Conversations

“A conversation can change a life”

With Rail Safety Week recently celebrated around Australia and New Zealand for the 15th year running, messages of rail safety flooded inboxes, intranets, and social media, demonstrating the rail sector’s wholehearted embrace of such an initiative. Leaders at the highest levels joined the conversations with video messages, including Deputy Prime Minister and Minister for Infrastructure, Transport and Regional Development Michael McCormack and state transport ministers, while organisations engaged the services of community figures, such as local rapper Lisi, who spread the message on behalf of Queensland Rail.

A similar expression can be seen on Rail R U OK?Day, which reached the highest number of people ever despite COVID-19 in 2020, its sixth year in a row. While messages around physical safety, mental health, and wellbeing are common now, it is important to note how far the industry has come. As Mostapha Kourouche, health advisor at Sydney Trains noted, things looked a bit different only a few years ago.

“Six years ago we got involved with Rail R U OK?Day. It was a great initiative, launched by TrackSAFE with a number of different rail organisations, but I felt that our initial presence just didn’t seem like it was hitting the mark. It was very corporate; it was very executive, and it didn’t really hit our front-line employees like it probably should.”

Sydney Trains, with a staff of over 10,000 people, is an extremely diverse organisation, and combined with NSW Trains stretches from the South Coast, to the Hunter and beyond the Blue Mountains. Having 17 years of experience within such a broad environment, Kourouche reached out to the R U OK? organisation to see how the initiative could be evolved.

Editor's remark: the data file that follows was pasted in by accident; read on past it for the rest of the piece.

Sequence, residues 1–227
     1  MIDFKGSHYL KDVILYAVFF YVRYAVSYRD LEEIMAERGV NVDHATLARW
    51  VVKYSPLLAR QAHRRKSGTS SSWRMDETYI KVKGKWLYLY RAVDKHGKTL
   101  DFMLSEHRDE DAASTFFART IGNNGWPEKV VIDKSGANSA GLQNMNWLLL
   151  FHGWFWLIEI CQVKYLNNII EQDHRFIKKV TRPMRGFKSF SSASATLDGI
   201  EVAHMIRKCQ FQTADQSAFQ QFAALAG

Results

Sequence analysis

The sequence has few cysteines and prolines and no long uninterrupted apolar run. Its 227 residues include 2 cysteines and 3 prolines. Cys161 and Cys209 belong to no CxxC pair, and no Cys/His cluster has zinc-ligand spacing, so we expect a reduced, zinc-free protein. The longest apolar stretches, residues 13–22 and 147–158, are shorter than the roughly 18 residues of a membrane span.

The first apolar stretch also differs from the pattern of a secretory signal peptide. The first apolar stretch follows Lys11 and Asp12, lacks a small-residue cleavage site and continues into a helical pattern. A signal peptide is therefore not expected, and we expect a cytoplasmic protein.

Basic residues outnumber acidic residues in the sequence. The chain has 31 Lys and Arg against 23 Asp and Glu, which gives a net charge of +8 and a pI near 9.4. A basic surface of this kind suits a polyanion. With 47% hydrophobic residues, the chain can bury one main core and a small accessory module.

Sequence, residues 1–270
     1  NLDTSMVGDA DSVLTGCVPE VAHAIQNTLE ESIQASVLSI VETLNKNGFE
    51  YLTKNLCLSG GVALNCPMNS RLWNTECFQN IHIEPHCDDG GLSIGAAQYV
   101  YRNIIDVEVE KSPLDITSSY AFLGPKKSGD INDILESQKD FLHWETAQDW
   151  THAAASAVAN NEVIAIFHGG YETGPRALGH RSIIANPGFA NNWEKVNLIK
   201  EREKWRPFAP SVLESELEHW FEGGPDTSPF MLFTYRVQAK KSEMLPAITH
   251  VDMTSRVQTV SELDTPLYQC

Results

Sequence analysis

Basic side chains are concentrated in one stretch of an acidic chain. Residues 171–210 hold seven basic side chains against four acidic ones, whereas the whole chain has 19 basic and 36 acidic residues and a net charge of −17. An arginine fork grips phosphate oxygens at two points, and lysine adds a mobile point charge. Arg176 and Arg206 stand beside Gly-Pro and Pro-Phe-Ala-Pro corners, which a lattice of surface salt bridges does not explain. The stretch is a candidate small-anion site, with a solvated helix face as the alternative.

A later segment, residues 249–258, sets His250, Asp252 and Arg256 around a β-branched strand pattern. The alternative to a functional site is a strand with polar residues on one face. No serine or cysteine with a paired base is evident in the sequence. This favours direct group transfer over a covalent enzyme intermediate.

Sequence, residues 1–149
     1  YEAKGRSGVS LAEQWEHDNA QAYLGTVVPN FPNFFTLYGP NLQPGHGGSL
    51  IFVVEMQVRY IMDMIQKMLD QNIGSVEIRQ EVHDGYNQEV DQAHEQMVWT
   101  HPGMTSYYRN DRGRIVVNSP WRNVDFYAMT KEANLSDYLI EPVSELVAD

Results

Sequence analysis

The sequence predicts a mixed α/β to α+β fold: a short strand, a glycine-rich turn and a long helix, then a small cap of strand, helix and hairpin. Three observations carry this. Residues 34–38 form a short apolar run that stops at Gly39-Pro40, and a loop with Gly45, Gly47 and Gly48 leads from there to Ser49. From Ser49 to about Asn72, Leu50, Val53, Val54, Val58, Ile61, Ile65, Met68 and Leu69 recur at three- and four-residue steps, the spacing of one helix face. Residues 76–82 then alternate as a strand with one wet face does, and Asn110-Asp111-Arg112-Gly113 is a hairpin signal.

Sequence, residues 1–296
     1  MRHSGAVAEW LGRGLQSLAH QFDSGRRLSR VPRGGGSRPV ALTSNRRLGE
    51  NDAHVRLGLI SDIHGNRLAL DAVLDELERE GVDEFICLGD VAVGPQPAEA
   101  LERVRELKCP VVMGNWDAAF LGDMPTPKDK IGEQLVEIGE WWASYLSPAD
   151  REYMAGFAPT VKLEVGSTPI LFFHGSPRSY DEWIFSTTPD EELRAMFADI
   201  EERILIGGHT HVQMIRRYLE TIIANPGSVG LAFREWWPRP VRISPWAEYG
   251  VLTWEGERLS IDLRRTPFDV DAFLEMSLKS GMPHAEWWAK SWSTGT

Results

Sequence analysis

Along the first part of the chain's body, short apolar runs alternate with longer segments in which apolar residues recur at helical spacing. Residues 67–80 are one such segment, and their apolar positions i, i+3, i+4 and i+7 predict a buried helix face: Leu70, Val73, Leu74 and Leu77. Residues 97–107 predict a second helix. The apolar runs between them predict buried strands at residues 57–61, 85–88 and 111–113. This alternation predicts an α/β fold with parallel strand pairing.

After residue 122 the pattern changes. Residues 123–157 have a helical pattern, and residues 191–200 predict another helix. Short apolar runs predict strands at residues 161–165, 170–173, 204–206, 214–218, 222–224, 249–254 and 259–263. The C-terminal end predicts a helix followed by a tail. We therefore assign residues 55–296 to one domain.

“I wanted see what we could do, and ask, ‘This is what I’m thinking, do you think it can work?’ We collaborated with the team at R U OK? and our very first big Rail R U OK?Day came in 2016 when we had an event at Central station and we drew about 1,000 people across the business to that event. We had an all-day barbeque, we had our whole executive leadership team there, we had the R U OK? team turn up as well and have conversations with people and say, ‘G’day’.”

Beyond the day itself, Kourouche has become a Workplace Champion for R U OK? at Sydney Trains. In such a highly distributed organisation, looking to methods beyond a traditional sausage sizzle has enabled all members of the organisation to get involved.

“We have an internal social media that we use, so we encourage people to share their stories and experiences and fill it with colours of yellow. We encourage different sites to host local events as they know what their people are like.”

In addition to these bottom-up initiatives, senior executives at Sydney Trains and Transport for NSW have been able to share their stories with staff, something that Kourouche sees as vital to getting all individuals to start having conversations with each other. Over the years, these programs have grown Rail R U OK?Day within Sydney Trains to encompass the entire organisation.